Whatley complains that he was denied effective assistance of counsel at trial because his trial counsel did not visit the crime scene; did not request independent testing of the evidence; was hesitant at voir dire; ineffectively cross-examined key witnesses; failed to point out defects in the State's burden of proof on the issue of deadly weapon; and, did not object to the admission of extraneous offense evidence in the guilt/innocence phase.
Ineffective assistance of counsel claims are analyzed under the well-settled standard set forth in Strickland v. Washington, 466 U.S. 668, 687 (1984). Under Strickland, the defendant must show that (1) counsel's representation was deficient (i.e. that it fell below an objective standard of reasonableness) and (2) there is a reasonable probability that, but for counsel's unprofessional errors, the result of the trial would have been different. Strickland, 466 U.S. at 687-91 & 694. In other words, defendant must show that the deficient performance prejudiced the defense. This requires showing that counsel's errors were so serious as to deprive the defendant of a fair trial, a trial whose result is reliable. Unless a defendant can make both showings, it cannot be said that the conviction resulted from a breakdown in the adversary process that renders the result unreliable. Id.
"It is well settled that effective assistance is not equivalent to errorless counsel or counsel judged ineffective by hindsight. [citations omitted]. Rather, inquiry must be made into the "totality of the circumstances surrounding counsel's performance to determine whether reasonably effective representation was provided." Tijerina v. Estelle, 692 F.2d 3, 7 (5th Cir. 1982). A court reviewing an ineffectiveness claim must indulge a strong presumption that counsel's conduct fell within the wide range of reasonable professional competence or that, under the circumstances, the challenged action might be considered sound trial strategy. Gray v. Lynn, 6 F.3d 265, 268 (5th Cir. 1993).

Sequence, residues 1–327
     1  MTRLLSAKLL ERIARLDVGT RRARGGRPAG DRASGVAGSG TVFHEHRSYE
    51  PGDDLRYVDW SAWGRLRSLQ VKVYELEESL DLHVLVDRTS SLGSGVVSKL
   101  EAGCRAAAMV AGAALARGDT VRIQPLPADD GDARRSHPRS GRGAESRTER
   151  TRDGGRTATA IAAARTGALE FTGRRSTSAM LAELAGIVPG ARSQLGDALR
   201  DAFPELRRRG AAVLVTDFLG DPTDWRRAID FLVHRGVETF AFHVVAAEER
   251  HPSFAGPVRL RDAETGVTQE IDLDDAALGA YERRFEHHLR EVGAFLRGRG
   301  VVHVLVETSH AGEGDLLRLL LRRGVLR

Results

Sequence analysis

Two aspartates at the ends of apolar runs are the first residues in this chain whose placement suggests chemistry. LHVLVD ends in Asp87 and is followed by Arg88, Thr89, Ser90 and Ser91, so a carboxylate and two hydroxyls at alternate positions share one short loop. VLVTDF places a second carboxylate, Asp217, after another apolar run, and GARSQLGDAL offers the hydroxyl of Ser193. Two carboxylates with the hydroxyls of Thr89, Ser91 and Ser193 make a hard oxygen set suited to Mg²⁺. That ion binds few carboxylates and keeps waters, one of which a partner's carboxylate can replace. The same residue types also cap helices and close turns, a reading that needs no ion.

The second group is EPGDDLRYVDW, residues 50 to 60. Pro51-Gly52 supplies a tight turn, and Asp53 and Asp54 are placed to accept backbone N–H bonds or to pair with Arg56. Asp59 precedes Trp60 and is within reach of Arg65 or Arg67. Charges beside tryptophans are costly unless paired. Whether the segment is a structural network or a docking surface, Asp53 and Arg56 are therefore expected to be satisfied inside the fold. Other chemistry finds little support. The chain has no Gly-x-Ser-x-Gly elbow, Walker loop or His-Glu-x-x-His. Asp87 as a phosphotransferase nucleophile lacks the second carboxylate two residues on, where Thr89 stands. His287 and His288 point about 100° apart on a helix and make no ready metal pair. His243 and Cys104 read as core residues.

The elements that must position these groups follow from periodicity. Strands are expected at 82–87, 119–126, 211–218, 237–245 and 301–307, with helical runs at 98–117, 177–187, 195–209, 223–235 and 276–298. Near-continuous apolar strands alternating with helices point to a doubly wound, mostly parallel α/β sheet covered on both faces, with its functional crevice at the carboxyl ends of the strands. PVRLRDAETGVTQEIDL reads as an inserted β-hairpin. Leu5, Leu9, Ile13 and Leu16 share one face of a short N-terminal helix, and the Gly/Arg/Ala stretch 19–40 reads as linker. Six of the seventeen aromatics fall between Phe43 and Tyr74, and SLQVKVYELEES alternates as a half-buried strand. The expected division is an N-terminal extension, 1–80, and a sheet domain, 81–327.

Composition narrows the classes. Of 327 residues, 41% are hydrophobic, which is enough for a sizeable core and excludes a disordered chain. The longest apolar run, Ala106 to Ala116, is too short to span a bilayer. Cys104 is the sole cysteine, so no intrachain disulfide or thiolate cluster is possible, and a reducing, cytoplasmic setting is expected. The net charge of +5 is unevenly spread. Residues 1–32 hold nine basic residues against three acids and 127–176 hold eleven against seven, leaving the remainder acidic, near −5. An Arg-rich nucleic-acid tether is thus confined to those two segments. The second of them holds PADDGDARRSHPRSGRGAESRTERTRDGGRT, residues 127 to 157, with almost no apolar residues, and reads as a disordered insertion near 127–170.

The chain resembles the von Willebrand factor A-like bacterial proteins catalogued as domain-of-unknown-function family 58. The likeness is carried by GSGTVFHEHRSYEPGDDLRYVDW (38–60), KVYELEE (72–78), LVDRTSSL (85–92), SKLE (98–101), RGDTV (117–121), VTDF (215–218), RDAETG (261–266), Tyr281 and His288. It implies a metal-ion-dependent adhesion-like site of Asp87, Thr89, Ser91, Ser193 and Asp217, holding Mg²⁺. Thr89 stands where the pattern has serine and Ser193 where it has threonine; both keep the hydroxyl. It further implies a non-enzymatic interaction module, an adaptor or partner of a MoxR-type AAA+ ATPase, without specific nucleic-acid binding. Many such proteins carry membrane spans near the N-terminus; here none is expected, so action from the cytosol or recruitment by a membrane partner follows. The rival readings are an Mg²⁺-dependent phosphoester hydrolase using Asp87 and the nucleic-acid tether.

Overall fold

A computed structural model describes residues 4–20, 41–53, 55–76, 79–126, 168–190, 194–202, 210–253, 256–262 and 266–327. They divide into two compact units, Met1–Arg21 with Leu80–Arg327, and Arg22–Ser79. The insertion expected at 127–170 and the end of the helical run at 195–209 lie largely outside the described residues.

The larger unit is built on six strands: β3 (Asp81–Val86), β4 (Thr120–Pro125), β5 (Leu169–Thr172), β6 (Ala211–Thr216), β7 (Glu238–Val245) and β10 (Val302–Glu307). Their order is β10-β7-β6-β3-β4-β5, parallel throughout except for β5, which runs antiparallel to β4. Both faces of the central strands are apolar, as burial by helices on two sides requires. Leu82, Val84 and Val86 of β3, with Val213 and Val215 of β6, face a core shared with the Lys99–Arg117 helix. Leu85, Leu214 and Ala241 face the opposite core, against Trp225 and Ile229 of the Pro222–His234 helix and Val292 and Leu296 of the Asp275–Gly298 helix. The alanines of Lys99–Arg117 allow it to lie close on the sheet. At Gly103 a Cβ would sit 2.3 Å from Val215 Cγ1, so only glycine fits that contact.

Under§ 2254(d)(1), the Court must analyze whether the state court's ultimate decision that petitioner did not make the required Strickland showing was contrary to, or an unreasonable application of the Strickland standard. See Schaetzle v. Cockrell, 343 F.3d 440, 444 (5th Cir. 2004) (the test is not whether petitioner makes the Strickland showing). However, "a federal habeas court is authorized by § 2254(d) to review only a state court's 'decision,' and not the written opinion explaining that decision." Neal v. Puckett, 286 F.3d 230, 246 (5th Cir. 2002). A federal habeas court should assume the state court applied the correct "clearly established Federal law" in making its decision. Schaetzle, 343 F.3d at 443.
Whatley alleges that his trial counsel rendered ineffective assistance of counsel for the reasons stated above. To establish "deficient performance," Whatley must show his attorney's errors were "so serious that his counsel was not functioning as the 'counsel' that the Sixth Amendment guarantees." Strickland, 466 U.S. 668, 687. An attorney is not required to make futile objections, nor to overcome the presumption that the challenged action would be considered sound trial strategy. Id. at 691. Trial counsel will not be deemed ineffective for failing to advance a defensive theory when his decision was a reasonable strategic choice based upon a "professional assessment of the plausibility of the defense and its likelihood of success at trial." Moreno v. Estelle, 717 F.2d 171, 177 (5th Cir. 1983). Importantly, even when counsel's performance is deficient, a petitioner will not prevail on a claim of ineffective assistance of counsel unless he can satisfy the second prong of the test, which requires a showing of prejudice.
1. The Claim of Failure to Investigate or Request Independent Testing